Lately some LGBTI human rights activists have been stating their desire for a whole new acronym to replace LGBTI, an acronym based on attributes used in law reform. Two such acronyms are being mooted – SOGI and SOGIB.
What is SOGI?
SOGI stands for the often conjoined human rights law reform attributes “sexual orientation and gender identity”. These attributes became popular after they were endorsed by the Yogyakarta Principles. Neither attribute includes intersex although intersex people have a sexual orientation and a gender identity of some kind, just like everyone else. Indeed, intersex people have no protection under equality legislation, no human rights and no protection against discrimination anywhere, with the exception of South Africa.
The Yogyakarta Principles do not include intersex although the word intersex is used once in the preface. The so-called “intersex paragraph” in the Principles themselves might be taken to refer to non-consensual intersex genital mutilation but its existence has had no effect on ending this very common practice against intersex people.
OII Australia’s position is that non-consensual cosmetic surgeries on infants must cease.
What is SOGIB?
SOGIB stands for “sexual orientation, gender identity, body” and is apparently being mooted as a way of including intersex via the word “body”. The problem with this idea is that a body is an object and not an attribute. Bodies have attributes but they are not themselves attributes.
The principle behind attributes is that everyone can have them in one form or another. Thus everyone has a sexual orientation of some kind, even if that sexual orientation is to be asexual. Likewise everyone has a gender identity even if that gender identity is to be without a gender altogether.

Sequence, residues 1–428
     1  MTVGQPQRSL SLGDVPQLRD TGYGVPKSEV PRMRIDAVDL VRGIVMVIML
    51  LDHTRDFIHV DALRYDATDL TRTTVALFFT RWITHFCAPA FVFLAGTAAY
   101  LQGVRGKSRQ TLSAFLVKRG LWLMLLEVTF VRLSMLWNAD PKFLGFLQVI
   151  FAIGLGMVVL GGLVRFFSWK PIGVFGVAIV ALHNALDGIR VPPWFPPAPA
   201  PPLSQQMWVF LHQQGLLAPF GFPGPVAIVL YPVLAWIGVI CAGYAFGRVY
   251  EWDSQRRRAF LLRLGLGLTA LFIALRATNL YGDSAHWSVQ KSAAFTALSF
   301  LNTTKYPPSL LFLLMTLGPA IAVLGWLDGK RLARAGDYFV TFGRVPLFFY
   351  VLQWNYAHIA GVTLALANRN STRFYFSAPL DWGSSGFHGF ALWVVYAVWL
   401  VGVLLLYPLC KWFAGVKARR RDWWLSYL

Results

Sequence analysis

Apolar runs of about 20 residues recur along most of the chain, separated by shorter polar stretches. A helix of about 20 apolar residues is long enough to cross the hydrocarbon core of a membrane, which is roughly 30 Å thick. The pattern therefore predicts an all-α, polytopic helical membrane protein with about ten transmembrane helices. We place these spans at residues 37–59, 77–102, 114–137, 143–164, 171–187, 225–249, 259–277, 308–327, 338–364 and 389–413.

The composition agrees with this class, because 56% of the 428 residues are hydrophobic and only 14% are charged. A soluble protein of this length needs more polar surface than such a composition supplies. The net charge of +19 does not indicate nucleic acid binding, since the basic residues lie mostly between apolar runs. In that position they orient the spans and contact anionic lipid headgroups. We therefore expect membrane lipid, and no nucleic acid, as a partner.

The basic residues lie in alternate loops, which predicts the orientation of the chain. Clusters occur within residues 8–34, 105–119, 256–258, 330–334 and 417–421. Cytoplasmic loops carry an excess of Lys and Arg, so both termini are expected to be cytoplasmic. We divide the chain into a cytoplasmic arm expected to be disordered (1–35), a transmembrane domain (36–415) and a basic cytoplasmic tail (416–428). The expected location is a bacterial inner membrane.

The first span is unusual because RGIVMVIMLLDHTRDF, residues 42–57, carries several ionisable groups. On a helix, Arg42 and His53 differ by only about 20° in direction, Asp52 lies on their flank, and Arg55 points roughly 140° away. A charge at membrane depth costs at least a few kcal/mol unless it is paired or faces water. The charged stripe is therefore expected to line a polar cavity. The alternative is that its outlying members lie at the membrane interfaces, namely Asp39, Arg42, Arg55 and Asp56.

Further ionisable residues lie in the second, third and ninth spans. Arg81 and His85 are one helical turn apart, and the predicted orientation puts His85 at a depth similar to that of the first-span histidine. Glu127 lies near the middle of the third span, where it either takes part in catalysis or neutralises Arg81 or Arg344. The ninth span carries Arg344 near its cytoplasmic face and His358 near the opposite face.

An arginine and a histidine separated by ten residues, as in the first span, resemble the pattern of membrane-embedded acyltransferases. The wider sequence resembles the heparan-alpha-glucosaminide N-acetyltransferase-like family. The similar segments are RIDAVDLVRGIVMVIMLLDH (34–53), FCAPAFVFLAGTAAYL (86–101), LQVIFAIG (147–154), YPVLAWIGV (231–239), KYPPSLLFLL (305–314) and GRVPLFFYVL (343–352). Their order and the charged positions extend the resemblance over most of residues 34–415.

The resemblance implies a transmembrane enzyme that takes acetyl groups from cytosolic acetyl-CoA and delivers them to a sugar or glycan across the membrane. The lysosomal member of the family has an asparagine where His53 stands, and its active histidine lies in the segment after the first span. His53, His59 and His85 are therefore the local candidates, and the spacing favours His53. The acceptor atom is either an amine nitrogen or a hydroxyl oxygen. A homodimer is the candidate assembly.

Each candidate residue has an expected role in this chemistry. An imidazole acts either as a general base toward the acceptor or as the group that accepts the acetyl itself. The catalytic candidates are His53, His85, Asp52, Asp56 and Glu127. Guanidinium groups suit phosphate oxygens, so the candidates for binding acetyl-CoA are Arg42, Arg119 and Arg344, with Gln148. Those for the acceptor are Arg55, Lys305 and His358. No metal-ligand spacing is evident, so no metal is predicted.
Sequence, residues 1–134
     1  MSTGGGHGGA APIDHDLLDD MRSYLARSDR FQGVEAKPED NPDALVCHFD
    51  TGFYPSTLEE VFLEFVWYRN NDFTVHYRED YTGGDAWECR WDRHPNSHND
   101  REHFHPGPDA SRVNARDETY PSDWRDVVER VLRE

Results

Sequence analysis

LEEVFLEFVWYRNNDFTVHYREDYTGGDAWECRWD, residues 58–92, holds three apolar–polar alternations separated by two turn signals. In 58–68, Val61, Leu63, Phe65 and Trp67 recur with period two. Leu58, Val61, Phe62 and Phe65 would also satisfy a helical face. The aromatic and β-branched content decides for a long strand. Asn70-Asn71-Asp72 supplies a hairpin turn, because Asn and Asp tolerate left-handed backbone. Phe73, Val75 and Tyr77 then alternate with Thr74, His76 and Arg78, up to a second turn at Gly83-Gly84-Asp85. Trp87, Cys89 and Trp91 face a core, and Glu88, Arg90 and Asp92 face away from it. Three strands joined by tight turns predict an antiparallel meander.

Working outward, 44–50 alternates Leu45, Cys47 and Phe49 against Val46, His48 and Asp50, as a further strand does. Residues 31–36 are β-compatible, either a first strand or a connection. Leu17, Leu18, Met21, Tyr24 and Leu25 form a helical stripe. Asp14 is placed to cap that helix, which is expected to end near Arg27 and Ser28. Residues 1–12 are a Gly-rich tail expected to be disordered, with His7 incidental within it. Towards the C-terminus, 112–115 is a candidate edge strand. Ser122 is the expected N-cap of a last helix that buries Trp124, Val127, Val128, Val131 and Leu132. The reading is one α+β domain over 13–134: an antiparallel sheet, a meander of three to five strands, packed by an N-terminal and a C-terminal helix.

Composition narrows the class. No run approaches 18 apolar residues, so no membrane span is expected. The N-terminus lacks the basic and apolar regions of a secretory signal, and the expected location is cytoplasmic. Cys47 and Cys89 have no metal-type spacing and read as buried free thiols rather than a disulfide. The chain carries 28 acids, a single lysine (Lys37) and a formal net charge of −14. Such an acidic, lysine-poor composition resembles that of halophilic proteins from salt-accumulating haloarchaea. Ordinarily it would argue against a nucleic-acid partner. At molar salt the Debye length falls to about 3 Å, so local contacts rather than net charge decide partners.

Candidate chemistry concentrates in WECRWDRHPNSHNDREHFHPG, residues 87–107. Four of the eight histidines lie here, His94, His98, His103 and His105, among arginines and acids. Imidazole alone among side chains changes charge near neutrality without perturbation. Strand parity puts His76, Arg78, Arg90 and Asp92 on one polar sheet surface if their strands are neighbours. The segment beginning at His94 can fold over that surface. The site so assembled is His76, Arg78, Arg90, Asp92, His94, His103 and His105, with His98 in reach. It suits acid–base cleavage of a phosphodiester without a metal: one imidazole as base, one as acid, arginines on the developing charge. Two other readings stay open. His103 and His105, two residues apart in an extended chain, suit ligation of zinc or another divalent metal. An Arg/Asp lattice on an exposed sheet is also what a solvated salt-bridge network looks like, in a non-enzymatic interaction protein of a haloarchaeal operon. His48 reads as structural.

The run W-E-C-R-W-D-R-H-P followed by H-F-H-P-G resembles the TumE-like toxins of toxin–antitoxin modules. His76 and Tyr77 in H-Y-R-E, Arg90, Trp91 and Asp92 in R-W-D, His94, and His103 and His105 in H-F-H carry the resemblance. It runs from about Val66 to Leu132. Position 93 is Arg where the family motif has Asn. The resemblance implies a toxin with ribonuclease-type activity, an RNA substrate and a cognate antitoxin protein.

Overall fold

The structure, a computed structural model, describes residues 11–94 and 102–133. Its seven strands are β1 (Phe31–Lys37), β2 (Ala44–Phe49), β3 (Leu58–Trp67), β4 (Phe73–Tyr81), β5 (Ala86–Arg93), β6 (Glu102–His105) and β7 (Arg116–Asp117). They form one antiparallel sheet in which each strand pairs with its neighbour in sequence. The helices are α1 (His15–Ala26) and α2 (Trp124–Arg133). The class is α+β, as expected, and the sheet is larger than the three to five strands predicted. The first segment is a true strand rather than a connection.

Given that “body” is not an attribute the desire for it to be a third attribute cannot succeed. The same applies to a variation of SOGIB – SOGIBI – where the BI stands for bodily integrity but again there are problems with this idea. What is precisely meant by “bodily integrity” and how does it apply to a person whose body’s integrity has been already compromised by illness, disability, surgery, accident or voluntary modifications?
An intersex-inclusive attribute that works
The nation that has made the most advances towards equality for its intersex citizens so far is South Africa. Sally Gross of Intersex South Africa is the major force behind these law reforms. She took the approach of including intersex in South Africa’s sex discrimination law by defining intersex as an aspect of sex, where intersex people have sex characteristics in the same manner that non-intersex people have sex characteristics, but different ones.
Given that sex and sex characteristics are attributes of all people, are intersex inclusive and the fact that intersex people are homophobically oppressed due to our sex, it makes sense to add sex or sex characteristics to “sexual orientation and gender identity” as the attribute that secures intersex inclusion.
“Sex characteristics, sexual orientation and gender identity” may be too much of a mouthful, but “sex, sexual orientation and gender identity” is not too much to ask for.
One letter or a whole new acronym?
Experience tells us that taking the line of least resistance rather than overturning the whole cart and horse works best in some things. SOGIB, SOGIBI, SOGIBE and even SSOGIEB – which some activists are advocating to stand for “sex, sexual orientation, gender identity and expression, and body” – is a bit too much to expect of a public still digesting the meaning of LGBT and LGBTI.
Add I for intersex to LGBT and you have the comfortable addition of one letter to signify a large minority of the human population who have been ignored and excluded until now – the 1.9% to 4% of us who are intersex. Add sex to make “sex, sexual orientation and gender identity” and you have done the same thing by adding just three letters.